on July 16, 2004
Lovely is such an old fashioned word, I know. But that's the word that describes this film, for me. The story of the developing friendship over many years between the black chaueffeur and the older Jewish woman is very heartwarming in its simplicity. Jessica Tandy is marvelous as "Miss Daisy" the fiercely independant, irascible widow, whose advancing age requires her son to employ, against her wishes, a driver/companion for her. Miss Tandy, who originated the role of Blanche DuBois on Broadway in "A Streetcar Named Desire", was a wonderful actress. This was one of her last films, and all the skill, sublety, and experience of her life-long craft come together to create a living, breathing "Miss Daisy." Morgan Freeman meets her skill in his portrayal of "Hoag", the accomodating chaueffeur. He has the manner of a certain resignation that an older black man may have felt in the turbulent, prejudiced south in which he lived, yet exudes dignity. He has the manner of "Hoag" down pat, right down to the closed mouth laugh that I have seen in the old black men who hang out on the corner. This is not a caricature, he IS "Hoag." His relationship with Miss Daisy starts out very rocky, to say the least, but, as time passes, their places in each others lives develope into almost a "marriage", with a quiet understanding of, and dependence on, each other. And though Miss Daisy insists she was not prejudiced, and inherently wasn't, it is touching to see her slowly let go of her last universally accepted beliefs of peoples place in society, where the "colored" help were always servants of some sort, and the line was just never crossed. Scenes such as the one where she and "Hoag" are both eating their dinner in the house, she in the dining room, he , alone in the kitchen, express this. The very thought of them dining together, it just wasn't done. As time goes on, and she becomes quietly aware of the similarities of the prejudices against her religion and the prejudices and injustice against Hoags race, the differences that seperate them become insignicant. Dan Akroyd and Patti Lupone are fine as Miss Daisy's son and his typically '50s wife, who admonishes her black maid for the unforgivable sin of forgetting to tell her she was out of coconut for the ambrosia she was serving to her guests... a '50s hostess' nightmare. There are a few moments when their performances threaten to lapse into parody, but one is only aware of this because this is basically a two person play, and the skill and realism of Tandys and Freemans performances just eclipse the others, they are basically props compared to the skill and, yes, sublety of the leads . The exception is Esther Rolle as "Idella" , Miss Daisys black maid. Though her part is small, and her lines few, she manages to convey a resigned dignity also, and her dead-pan delivery of several one liners is very humorous. Miss Daisys affection and respect for Idella is clearly etched upon her face, however, at Idella's funeral. This is just a wonderfully simple, beautiful film. It never treads into being overly sentimental, thanks to the casting of two very special stars. This film took many by surprise by winning the Oscar for best film of the year, proving that a movie with no special effects, and, that actually tells a story, can still move audiences. The final scene, where their years-long friendship comes full circle, will have tears in your eyes, as Miss Daisy conveys the sweet sad wisdom of the old, who know that "all shall soon pass...."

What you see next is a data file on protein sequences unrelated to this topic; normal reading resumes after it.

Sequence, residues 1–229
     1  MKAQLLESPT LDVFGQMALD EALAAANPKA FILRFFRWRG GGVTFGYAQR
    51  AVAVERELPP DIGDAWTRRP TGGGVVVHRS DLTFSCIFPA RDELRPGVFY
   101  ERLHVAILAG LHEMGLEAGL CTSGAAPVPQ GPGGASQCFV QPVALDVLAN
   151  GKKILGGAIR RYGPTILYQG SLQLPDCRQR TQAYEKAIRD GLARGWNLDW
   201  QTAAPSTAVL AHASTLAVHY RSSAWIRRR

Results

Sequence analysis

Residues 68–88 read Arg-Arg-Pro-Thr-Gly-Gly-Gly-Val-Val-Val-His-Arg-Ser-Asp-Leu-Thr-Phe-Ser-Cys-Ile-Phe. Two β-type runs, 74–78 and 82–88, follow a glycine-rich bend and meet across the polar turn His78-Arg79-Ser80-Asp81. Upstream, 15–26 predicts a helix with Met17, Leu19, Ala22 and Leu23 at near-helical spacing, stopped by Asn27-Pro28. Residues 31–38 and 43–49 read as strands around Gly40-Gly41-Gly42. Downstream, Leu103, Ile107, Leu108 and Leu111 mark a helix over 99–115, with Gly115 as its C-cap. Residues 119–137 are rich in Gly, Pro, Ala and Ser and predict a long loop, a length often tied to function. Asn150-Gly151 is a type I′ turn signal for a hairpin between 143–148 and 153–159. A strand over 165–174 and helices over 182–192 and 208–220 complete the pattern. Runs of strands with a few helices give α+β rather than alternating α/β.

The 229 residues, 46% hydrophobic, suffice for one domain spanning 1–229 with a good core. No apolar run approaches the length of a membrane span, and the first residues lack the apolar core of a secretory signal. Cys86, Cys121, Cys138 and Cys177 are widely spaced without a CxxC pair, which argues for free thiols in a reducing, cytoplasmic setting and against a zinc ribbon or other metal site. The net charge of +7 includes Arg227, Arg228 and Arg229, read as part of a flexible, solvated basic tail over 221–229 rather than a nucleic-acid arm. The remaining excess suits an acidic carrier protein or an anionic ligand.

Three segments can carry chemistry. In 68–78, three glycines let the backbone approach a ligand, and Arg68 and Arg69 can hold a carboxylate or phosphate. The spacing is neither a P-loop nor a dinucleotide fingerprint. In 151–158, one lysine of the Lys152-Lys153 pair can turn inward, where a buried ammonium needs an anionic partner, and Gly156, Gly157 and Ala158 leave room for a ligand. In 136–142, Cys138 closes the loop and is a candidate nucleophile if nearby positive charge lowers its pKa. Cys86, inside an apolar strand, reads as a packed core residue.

on December 24, 2003
Superb casting of Jessica Tandy as a stubborn elderly Southern woman of privilege and Morgan Freeman as her loyal and capable and patient chauffeur makes this one of the best dramas and character studies of all time. Tandy won an Oscar for this 1989 performance and Freeman was nominated for one. This is a movie of wonderful spirited characters, people who demonstrate sassiness, independence, tolerance, admiration, and respect for each other - but only after a few years of working together. It all started when Miss Daisy crashed her car and her son, Dan Aykroyd, a pompous banker type, declared she absolutely could drive no more. So he hired a chauffeur for her. At first, all the old Southern prejudices came into plan, prejudices of class, race, and education. But gradually the wisdom and quiet patience of Freeman's character won her over.